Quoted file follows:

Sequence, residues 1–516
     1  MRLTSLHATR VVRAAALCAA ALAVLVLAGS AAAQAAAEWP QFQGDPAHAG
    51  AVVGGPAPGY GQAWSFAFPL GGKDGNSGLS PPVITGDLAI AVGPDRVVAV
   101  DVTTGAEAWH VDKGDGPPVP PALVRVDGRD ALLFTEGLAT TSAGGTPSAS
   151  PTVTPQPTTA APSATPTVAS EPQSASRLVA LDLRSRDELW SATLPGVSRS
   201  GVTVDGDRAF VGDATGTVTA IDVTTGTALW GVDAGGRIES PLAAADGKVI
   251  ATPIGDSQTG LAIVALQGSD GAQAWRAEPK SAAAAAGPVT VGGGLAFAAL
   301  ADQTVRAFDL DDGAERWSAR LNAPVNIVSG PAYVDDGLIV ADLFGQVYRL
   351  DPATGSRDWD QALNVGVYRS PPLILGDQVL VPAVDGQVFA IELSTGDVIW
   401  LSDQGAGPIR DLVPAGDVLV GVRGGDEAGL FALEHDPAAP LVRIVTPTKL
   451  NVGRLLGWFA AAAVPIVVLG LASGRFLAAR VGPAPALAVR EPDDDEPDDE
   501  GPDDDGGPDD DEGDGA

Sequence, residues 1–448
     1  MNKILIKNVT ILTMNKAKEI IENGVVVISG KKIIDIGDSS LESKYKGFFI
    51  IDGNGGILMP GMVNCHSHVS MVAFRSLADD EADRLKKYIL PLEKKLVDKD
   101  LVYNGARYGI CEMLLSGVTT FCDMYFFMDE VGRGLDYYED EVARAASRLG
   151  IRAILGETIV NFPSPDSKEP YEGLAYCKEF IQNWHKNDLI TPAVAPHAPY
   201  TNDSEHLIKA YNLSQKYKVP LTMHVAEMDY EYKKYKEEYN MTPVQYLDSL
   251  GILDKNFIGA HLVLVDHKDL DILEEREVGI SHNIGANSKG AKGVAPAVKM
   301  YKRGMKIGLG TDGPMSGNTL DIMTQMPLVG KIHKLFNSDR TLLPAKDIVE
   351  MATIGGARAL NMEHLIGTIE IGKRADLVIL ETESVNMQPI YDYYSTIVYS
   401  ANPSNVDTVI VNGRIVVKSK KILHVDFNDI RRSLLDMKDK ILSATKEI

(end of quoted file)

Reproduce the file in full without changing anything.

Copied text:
Sequence, residues 1–516
     1  MRLTSLHATR VVRAAALCAA ALAVLVLAGS AAAQAAAEWP QFQGDPAHAG
    51  AVVGGPAPGY GQAWSFAFPL GGKDGNSGLS PPVITGDLAI AVGPDRVVAV
   101  DVTTGAEAWH VDKGDGPPVP PALVRVDGRD ALLFTEGLAT TSAGGTPSAS
   151  PTVTPQPTTA APSATPTVAS EPQSASRLVA LDLRSRDELW SATLPGVSRS
   201  GVTVDGDRAF VGDATGTVTA IDVTTGTALW GVDAGGRIES PLAAADGKVI
   251  ATPIGDSQTG LAIVALQGSD GAQAWRAEPK SAAAAAGPVT VGGGLAFAAL
   301  ADQTVRAFDL DDGAERWSAR LNAPVNIVSG PAYVDDGLIV ADLFGQVYRL
   351  DPATGSRDWD QALNVGVYRS PPLILGDQVL VPAVDGQVFA IELSTGDVIW
   401  LSDQGAGPIR DLVPAGDVLV GVRGGDEAGL FALEHDPAAP LVRIVTPTKL
   451  NVGRLLGWFA AAAVPIVVLG LASGRFLAAR VGPAPALAVR EPDDDEPDDE
   501  GPDDDGGPDD DEGDGA

Sequence, residues 1–448
     1  MNKILIKNVT ILTMNKAKEI IENGVVVISG KKIIDIGDSS LESKYKGFFI
    51  IDGNGGILMP GMVNCHSHVS MVAFRSLADD EADRLKKYIL PLEKKLVDKD
   101  LVYNGARYGI CEMLLSGVTT FCDMYFFMDE VGRGLDYYED EVARAASRLG
   151  IRAILGETIV NFPSPDSKEP YEGLAYCKEF IQNWHKNDLI TPAVAPHAPY
   201  TNDSEHLIKA YNLSQKYKVP LTMHVAEMDY EYKKYKEEYN MTPVQYLDSL
   251  GILDKNFIGA HLVLVDHKDL DILEEREVGI SHNIGANSKG AKGVAPAVKM
   301  YKRGMKIGLG TDGPMSGNTL DIMTQMPLVG KIHKLFNSDR TLLPAKDIVE
   351  MATIGGARAL NMEHLIGTIE IGKRADLVIL ETESVNMQPI YDYYSTIVYS
   401  ANPSNVDTVI VNGRIVVKSK KILHVDFNDI RRSLLDMKDK ILSATKEI